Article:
The leaders of Germany and France spoke with Ukrainian President Petro Poroshenko by phone on Sunday, discussing economic reforms and a tenuous ceasefire that has been repeatedly violated since September.
German Chancellor Angela Merkel, French President Francois Hollande and Ukrainian President Petro Poroshenko held a telephone call Sunday to discuss ashaky ceasefire deal
and economic reforms.
The trio discussed the Minsk ceasefire agreement signed in September, along with prisoner exchanges and possible renewed negotiations with pro-Russia separatists in eastern Ukraine.
The conflict in Ukraine's eastern Donbass region, which ignited after Russia annexed Crimea in March, has left over 4,600 dead and more than 10,200 wounded according to the United Nations.
Poroshenko told Merkel and Hollande during the telephone call that the September ceasefire continues to be violated. The Ukrainian army reported 14 attacks Sunday on its positions in the past 24 hours, but no one was killed or wounded.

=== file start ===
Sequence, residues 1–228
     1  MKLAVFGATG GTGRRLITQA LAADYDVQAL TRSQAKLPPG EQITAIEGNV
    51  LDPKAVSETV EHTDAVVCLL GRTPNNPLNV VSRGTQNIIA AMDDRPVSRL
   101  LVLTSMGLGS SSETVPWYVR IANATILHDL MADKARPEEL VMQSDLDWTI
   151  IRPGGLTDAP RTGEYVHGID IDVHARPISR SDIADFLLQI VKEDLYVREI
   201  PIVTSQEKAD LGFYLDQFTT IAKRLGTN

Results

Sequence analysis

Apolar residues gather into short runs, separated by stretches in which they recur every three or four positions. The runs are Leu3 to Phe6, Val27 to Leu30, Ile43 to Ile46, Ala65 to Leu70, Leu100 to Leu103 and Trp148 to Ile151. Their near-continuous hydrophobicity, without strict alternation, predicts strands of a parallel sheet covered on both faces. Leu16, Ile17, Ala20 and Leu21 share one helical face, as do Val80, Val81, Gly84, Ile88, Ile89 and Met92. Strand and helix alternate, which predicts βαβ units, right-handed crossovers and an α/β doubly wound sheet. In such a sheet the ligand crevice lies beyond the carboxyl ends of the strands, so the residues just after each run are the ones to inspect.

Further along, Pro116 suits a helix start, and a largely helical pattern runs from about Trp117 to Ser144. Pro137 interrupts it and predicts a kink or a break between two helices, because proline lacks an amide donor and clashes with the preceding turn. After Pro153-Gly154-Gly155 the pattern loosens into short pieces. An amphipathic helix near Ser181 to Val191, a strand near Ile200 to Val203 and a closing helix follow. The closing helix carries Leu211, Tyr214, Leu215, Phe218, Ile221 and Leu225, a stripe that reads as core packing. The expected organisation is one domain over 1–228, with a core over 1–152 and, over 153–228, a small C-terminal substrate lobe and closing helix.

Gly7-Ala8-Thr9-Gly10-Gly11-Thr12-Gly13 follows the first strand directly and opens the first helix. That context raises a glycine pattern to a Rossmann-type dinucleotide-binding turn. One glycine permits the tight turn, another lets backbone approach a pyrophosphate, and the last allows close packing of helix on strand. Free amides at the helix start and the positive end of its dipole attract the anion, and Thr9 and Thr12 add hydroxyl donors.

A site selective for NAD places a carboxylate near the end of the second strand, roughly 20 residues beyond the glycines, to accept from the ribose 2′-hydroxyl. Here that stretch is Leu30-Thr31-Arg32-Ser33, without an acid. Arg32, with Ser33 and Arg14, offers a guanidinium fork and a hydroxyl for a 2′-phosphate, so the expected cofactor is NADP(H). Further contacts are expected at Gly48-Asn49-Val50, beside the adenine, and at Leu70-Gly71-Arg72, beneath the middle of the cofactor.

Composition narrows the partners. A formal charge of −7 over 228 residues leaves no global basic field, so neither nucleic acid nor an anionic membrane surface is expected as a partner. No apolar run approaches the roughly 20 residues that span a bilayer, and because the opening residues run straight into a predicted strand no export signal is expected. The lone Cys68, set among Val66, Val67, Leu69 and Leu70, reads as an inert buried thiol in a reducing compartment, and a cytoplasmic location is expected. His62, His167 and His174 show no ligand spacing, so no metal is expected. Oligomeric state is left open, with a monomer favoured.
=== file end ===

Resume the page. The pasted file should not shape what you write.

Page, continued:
Merkel and Hollande emphasized "the need for Russian authorities to take all measures expected of them to favour a de-escalation" of the conflict, a statement from the French presidency said.
The three leaders insisted that the Minsk ceasefire deal remained the only way forward for a durable solution to the Ukraine crisis, according to Merkel's spokesman Steffen Seibert.
The French and German leaders also "encouraged president Poroshenko to start the expected reforms to redress Ukraine's economic and financial situation." Thereforms
include an overhaul of the tax system, an increase in energy taxes and the privatization of state firms.
"Only that way can the economy recover and the necessary international financial help be advanced," Seibert said.
The International Monetary Fund has granted Kyiv $17 billion (13.6 billion euros) in financial aid over the coming two years as part of an economic aid package from Western countries.
IMF representative David Lipton said on Saturday that he was "impressed" by Ukraine's plans for economic reform after the Ukrainian government approved a program of severe austerity cuts.
bw/cmk (Reuters, AFP)